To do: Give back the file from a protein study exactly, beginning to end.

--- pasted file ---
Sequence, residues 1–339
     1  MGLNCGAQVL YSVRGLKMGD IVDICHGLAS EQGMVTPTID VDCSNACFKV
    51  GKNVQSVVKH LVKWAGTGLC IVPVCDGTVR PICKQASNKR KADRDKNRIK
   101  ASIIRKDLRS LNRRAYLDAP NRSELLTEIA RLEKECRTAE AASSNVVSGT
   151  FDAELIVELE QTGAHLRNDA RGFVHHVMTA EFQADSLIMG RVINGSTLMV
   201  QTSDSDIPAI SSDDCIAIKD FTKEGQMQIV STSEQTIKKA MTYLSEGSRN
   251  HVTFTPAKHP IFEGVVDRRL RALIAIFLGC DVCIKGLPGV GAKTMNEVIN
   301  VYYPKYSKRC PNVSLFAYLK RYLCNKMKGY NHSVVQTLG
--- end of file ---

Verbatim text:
Sequence, residues 1–339
     1  MGLNCGAQVL YSVRGLKMGD IVDICHGLAS EQGMVTPTID VDCSNACFKV
    51  GKNVQSVVKH LVKWAGTGLC IVPVCDGTVR PICKQASNKR KADRDKNRIK
   101  ASIIRKDLRS LNRRAYLDAP NRSELLTEIA RLEKECRTAE AASSNVVSGT
   151  FDAELIVELE QTGAHLRNDA RGFVHHVMTA EFQADSLIMG RVINGSTLMV
   201  QTSDSDIPAI SSDDCIAIKD FTKEGQMQIV STSEQTIKKA MTYLSEGSRN
   251  HVTFTPAKHP IFEGVVDRRL RALIAIFLGC DVCIKGLPGV GAKTMNEVIN
   301  VYYPKYSKRC PNVSLFAYLK RYLCNKMKGY NHSVVQTLG